Complex Lambdas

Although lambda expressions can't contain Visual Basic statements such as For...Next loops, you can still build up some pretty complex calculations using standard operators. Calls out to other functions can also appear in lambdas. In this code sample, mult defers its work to the MultiplyIt function:

Private Sub DoSomeMultiplication(  )
   Dim mult = Function(x As Integer, y As Integer) _
      MultiplyIt(x, y) + 10

   MsgBox(mult(5, 6))  ' Displays 40
End Sub

Public Function MultiplyIt(ByVal x As Integer, _
      ByVal y As Integer) As Integer
   Return x * y
End Function

That's pretty straightforward. But things get more interesting when you have lambda expressions that return other lambda expressions. Lambda calculus was invented partially to see how any complex function could be broken down into the most basic of functions. Even literal values can be defined as lambdas. Here's the lambda expression that always returns the value 3:

Dim three = Function(  ) 3

You've already seen lambda expressions that accept more than one argument:

Dim mult1 = Function(x As Integer, y As Integer) x * y

In lambda calculus, this can be broken down into smaller functionettes, where each includes only a single argument:

Dim mult2 = Function(x As Integer) Function(y As Integer) x * y

The data type of mult2 is not exactly the same as mult1's data type, but they both generate the same answer from the same x and y values. When you use mult1, it calculates the product of x and y and returns it. When you use mult2, it first runs the Function(x As Integer) part, which returns another lambda calculated by passing the value of x into its definition. If you pass in "5" as the value for x, the returned lambda is:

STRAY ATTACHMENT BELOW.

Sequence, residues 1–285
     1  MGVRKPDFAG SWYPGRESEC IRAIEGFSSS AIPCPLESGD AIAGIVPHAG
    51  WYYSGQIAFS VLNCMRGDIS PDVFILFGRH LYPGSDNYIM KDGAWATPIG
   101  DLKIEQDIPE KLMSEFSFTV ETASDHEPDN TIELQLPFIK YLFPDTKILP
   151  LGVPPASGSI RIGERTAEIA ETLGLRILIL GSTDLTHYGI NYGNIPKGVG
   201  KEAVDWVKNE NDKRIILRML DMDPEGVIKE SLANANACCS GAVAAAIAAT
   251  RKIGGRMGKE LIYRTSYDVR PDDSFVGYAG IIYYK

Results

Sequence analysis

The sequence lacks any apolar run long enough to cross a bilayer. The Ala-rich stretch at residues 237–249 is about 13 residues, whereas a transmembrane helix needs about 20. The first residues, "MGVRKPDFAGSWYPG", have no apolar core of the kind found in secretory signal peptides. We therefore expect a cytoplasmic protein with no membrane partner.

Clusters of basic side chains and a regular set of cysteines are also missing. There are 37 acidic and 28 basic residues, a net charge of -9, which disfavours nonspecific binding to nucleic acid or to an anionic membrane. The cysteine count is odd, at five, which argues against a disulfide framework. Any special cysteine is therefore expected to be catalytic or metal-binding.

Function(y As Integer) 5 * y

This lambda is then calculated, and the product of 5 and y is returned. Calling mult2 in code is also slightly different. You don't pass in both arguments at once. Instead, you pass in the argument for x, and then pass y to the returned initial lambda.


When run, the mult2(5) part gets replaced with the first returned lambda. Then that first returned lambda is processed using (6) as its y argument. Isn't that simple? Well, no, it isn't. And that's OK, since the two-argument mult1 works just fine. The important part to remember is that it's possible to build complex lambda expressions up from more basic lambda expressions. Visual Basic will use this fact when it generates the code for your LINQ-related expressions. We'll talk more about it in Chapter 17, LINQ, but even then, Visual Basic will manage a lot of the LINQ-focused lambda expressions for you behind the scenes.

Variable Lifting

Although you can pass arguments into a lambda expression, you may also use other variables that are within the scope of the lambda expression.

Private Sub NameMyChild(  )
   Dim nameLogic = GetChildNamingLogic(  )
   MsgBox(nameLogic("John"))  ' Displays: Johnson
End Sub

Private Function GetChildNamingLogic(  ) As  _
      Func(Of String, String)
   Dim nameSuffix As String = "son"
   Dim newLogic = Function(baseName As String) _
                        baseName & nameSuffix
   Return newLogic
End Function

The GetChildNamingLogic function returns a lambda expression. That lambda expression is used in the NameMyChild method, passing John as an argument to the lambda. And it works. The question is how. The problem is that nameSuffix, used in the lambda expression's logic, is a local variable within the GetChildNamingLogic method. All local variables are destroyed whenever a method exits. By the time the MsgBox function is called, nameSuffix will be long gone. Yet the code works as though nameSuffix lived on.

To make this code work, Visual Basic uses a new feature called variable lifting. Seeing that nameSuffix will be accessed outside the scope of GetChildNamingLogic, Visual Basic rewrites your source code, changing nameSuffix from a local variable to a variable that has a wider scope.

In the new version of the source code, Visual Basic adds a closure class, a dynamically generated class that contains both the lambda expression and the local variables used by the expression. When you combine these together, any code that gets access to the lambda expression will also have access to the "local" variable.